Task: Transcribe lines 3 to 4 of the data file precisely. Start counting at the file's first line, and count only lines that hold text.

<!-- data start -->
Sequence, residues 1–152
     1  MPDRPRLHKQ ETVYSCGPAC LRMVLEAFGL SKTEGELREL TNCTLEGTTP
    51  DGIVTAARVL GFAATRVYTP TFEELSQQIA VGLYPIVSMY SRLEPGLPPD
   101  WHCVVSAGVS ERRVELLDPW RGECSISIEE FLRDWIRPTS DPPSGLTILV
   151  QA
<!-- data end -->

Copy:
    51  DGIVTAARVL GFAATRVYTP TFEELSQQIA VGLYPIVSMY SRLEPGLPPD
   101  WHCVVSAGVS ERRVELLDPW RGECSISIEE FLRDWIRPTS DPPSGLTILV